by Bruce Mason
Indigenous/Aboriginal /First Nations/Inuit art is one of the most exciting creative forces in Canada and on our endangered Earth. At once a Renaissance Revival and a ‘resistance,’ it’s rising, Phoenix-like, from the still-smouldering ashes of what can only be described as genocide.
Pick a genre – music, visual arts, live theatre, literature, fashion – and you’ll find unique offerings, including the raising of Jim Hart’s Reconciliation Pole at UBC, Lawrence Paul Yuxweluptun’s art, Brian Jungen’s life-size dinosaur skeletons, crafted from white plastic lawn chairs, the plays of Tomson Highway, the multidisciplinary Red Sky, A Tribe Called Red, guitar virtuoso Don Ross and some proud, defiant and powerfully feminist voices, including Tanya Tagaq and resurgent Buffy Sainte-Marie (Power in the Blood).
“I continue to keep my nose on the joy trail and if something is missing, I try to create it,” Sainte-Marie told Common Ground magazine in an April 2015 cover story. “It’s pretty much the moneychangers taking over the temple, nothing new, but now everybody can see it. And this is a genuine grassroots response to the realities we all face today – most extremely in the front lines of Indian country – the destruction of the environment and ongoing horror of missing and murdered Indigenous women.”
The summer-long CBC Radio series, Reclaimed, provided a platform to put listeners in touch with the explosive pulse of contemporary Indigenous music, including traditional songs, acoustic sounds, incendiary political hip-hop, R&B and the dance floor-filling beats of electric powwow. Now, in the dog days of a fizzling sesquicentennial – 150 years since Quebec, Ontario, Nova Scotia and New Brunswick confederated – we have blown through a cool half-billion in federal tax dollars to celebrate. First Nations, however, rained on our year-long parade and rightfully so. One highlight: Kent Monkman’s super-imposed nude, Miss Chief Eagle Testickle, lounging in the foreground of the 1864 Charlottetown constitutional meetings. “She’s trying to get a seat at the table or she could be a hired entertainer,” the artist explained.
An extraordinary new Canadian documentary, Rumble: The Indians Who Rocked the World, uncovers untold stories and missing history. The Sundance-award-winning film takes its title from a 1958 Link Wray recording. The only instrumental ever banned by radio, Rumble unleashed power chords in three growling, fuzzy blasts that inspired a generation to pick up an electric guitar; it still resonates, undiminished by time.
In the film, some three dozen marquee celebrities cite major influences in jazz, blues, rock, folk and heavy metal, including “Father of the Delta Blues” Charley Patton (Choctaw/African-American), “Queen of Swing” Mildred Bailey (Couer d’Alene), Jimi Hendrix (Cherokee/African-American), Wray (Shawnee), Sainte-Marie (Cree) and many more.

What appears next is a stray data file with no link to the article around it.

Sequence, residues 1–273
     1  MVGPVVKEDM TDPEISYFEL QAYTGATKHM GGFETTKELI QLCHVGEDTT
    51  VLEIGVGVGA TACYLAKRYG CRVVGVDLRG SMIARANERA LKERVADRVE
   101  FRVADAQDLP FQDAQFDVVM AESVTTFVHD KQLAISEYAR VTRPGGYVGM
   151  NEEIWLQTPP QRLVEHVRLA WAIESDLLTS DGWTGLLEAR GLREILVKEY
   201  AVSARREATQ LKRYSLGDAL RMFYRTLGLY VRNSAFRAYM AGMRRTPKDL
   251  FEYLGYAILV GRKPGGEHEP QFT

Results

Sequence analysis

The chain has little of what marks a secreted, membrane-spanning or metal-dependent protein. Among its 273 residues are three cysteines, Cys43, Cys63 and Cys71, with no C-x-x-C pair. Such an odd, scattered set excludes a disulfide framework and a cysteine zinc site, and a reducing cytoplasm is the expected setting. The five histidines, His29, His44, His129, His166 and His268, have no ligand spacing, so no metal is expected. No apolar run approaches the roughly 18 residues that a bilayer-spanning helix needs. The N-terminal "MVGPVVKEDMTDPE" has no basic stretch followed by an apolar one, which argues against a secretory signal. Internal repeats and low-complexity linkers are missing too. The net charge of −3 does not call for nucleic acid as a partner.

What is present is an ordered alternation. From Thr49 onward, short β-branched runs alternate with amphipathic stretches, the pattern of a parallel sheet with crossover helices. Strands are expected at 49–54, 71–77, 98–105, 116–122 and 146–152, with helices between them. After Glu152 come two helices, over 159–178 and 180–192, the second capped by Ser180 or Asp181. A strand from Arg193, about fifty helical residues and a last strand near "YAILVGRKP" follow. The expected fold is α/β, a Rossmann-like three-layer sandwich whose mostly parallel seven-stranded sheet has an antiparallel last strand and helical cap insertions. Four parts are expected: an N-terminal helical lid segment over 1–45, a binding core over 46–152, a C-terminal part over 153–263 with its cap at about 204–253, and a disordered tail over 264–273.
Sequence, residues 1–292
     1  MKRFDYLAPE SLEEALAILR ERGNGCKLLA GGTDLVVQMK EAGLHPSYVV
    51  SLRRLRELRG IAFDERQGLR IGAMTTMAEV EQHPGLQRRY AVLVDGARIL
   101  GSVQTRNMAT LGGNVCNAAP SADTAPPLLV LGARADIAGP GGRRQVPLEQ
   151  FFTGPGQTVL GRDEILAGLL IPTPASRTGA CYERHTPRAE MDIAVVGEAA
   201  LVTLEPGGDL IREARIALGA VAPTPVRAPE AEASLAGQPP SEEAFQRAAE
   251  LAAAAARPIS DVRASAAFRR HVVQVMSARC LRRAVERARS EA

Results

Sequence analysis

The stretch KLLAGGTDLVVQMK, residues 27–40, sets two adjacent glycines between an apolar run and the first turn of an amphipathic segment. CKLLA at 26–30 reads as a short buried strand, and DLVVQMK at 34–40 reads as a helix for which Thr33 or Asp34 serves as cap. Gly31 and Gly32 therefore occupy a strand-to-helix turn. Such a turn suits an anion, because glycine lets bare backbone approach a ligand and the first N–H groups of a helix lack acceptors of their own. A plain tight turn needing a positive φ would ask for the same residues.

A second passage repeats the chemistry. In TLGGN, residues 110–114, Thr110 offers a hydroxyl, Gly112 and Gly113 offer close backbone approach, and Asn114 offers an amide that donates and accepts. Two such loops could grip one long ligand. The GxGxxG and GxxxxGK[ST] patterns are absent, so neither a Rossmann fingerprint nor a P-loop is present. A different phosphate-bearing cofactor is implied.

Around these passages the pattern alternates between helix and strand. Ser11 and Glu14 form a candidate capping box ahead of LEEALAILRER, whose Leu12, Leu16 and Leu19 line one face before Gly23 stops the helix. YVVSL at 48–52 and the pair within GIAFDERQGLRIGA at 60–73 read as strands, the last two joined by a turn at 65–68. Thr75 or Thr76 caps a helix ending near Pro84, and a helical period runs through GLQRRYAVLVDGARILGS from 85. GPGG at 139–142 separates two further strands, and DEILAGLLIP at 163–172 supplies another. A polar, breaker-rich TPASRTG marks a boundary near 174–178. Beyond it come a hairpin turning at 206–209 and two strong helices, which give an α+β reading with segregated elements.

Front and centre is The Band’s Robbie Robertson (Mohawk), who says, “From childhood, I was told, ‘Be proud of being Indian; but be careful who you tell.’” Today, he vows, “You wouldn’t let me talk about it before. Well, now I’m going to talk real loud.”
One signpost in reclaiming cultural territory is the Grammy-nominated Native North America (Vol. 1), featured in Common Ground (January, 2015). More than a decade in the making, the package of 34 tracks with 120 pages of liner notes was curated by Kevin Howes, who continues to compile unheard, undocumented and unavailable Indigenous music.
Howes now says, “During our current era of reconciliation, music is an extra-special connector, teacher, and healer. It saves, unifies and informs us, like nothing else. The time is most certainly now to celebrate life and to show people that we will not stand for ignorance, intolerance, oppression and hatred.”
Arctic-focused Aakuluk Music, newly formed to promote contemporary Inuktitut music, globally, is just one example. One artist on the fledgling label, Riit, reports, “Every time I perform for non-Inuit crowds, it feels like I take a step forward into decolonization. Going from a generation shamed for speaking to a generation making music in Inuktitut, I’m pretty damn proud and thankful!”
We have more than enough scientific evidence about anthropogenic climate change and now need more stories from front lines, especially the Arctic. Ditto the appalling, ongoing unjust conditions, truthful history and real-life First Nations’ perspectives.
This is painful stuff, folks. But as Buffy Sainte-Marie advises, “Keep calm and decolonize.” All that is required is what the Common Ground community does best: to listen respectfully and supportively. We are truly blessed and the payoff, including visionary art and leadership, is inestimable and far too-long overdue.
Bruce Mason is a Vancouver and Gabriola-Island based five-string banjo player, gardener, freelance writer and author of Our Clinic.